Stornoway CRT was also tasked to bring their all-terrain vehicle (ATV) but were stood down before leaving the town area as the rescue had been achieved.

Stornoway RNLI Coxswain DI Murray was delighted to receive a donation on behalf of the local station of £1,000 from staff and customers of the Co-operative store, Macaulay Road, Stornoway.

Store Manager Steven Cooper and Co-op Area Manager Danny Simpson recently presented DI with the donation cheque, raised through a raffle, bag-packing, and in-store collection buckets.

The RNLI say: "Thank you to staff and customers for the fantastic donation!

"And further thanks to the Macaulay Road Co-Op store for hosting the Stornoway Lifeboat Fundraisers for three days in January as they held the annual RNLI SOS Raffle.

"A magnificent total of £1,074.50 was raised for Stornoway RNLI.

"Thank you again to staff and customers – Stornoway RNLI can’t do what they do without the funds raised by you!"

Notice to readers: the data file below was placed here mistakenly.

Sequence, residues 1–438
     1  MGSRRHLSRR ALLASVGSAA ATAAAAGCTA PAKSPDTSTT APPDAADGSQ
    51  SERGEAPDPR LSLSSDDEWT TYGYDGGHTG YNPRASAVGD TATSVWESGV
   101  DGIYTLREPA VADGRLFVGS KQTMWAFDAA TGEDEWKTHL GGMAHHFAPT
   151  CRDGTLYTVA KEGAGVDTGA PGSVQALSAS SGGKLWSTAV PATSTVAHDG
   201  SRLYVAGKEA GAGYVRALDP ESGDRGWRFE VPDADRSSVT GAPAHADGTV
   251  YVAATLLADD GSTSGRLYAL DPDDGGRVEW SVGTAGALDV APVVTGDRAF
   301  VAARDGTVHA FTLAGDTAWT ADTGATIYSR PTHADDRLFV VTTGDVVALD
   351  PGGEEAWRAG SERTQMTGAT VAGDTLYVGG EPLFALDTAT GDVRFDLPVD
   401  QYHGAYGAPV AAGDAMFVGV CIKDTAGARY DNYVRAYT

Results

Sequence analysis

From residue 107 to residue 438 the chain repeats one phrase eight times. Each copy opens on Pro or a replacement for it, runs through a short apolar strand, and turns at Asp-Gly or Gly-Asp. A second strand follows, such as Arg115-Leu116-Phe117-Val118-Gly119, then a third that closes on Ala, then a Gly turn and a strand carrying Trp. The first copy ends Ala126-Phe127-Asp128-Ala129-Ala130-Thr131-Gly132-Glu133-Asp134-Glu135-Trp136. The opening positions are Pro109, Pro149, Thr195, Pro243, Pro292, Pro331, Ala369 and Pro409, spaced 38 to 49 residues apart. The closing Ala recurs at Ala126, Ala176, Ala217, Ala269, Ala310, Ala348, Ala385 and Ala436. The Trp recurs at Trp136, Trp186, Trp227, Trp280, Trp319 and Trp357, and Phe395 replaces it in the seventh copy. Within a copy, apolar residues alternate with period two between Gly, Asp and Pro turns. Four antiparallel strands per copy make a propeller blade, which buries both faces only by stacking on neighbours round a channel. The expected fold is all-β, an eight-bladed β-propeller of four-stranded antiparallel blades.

(photograph from left): Stornoway RNLI Coxswain DI Murray, Macaulay Road Co-op Manager Steven Cooper, and Co-Op Area Manager Danny Simpson.

Police are appealing for information to help trace a missing man who may have travelled to Stornoway.

52 year-old Michael Webster has been reported missing from his home in Ayr.

Police say enquiries have established Mr Webster was in Dingwall on Wednesday 5 February and travelled to Ullapool later on the same day.

He was seen on Ullapool CCTV and it is believed he may have travelled to Stornoway on the evening ferry.

Mr Webster is described as being 6ft tall and of medium build with brown hair.

He is a keen walker and is known to camp out or sleep rough.

Officers are keen to establish that he is safe and well.

Anyone who may have seen or had any contact with Mr Webster at any time since he was last seen is asked to make contact.

Anyone with information as to Michael’s whereabouts should contact 101 and quote incident no: 2450 of 05/02/2020.

The second phase of the Point and Sandwick Community Coastal Path project is about to begin, after Point and Sandwick Trust pledged the final piece of funding.

The community wind farm charity, which runs the Beinn Ghrideag wind farm, is to donate £9,000 towards work on the historic Shulishader steps – the 88 steps which lead steeply down to the geodha (Gaelic for cove), an old landing site for fishing boats which is enjoying renewed popularity as a wild swimming spot.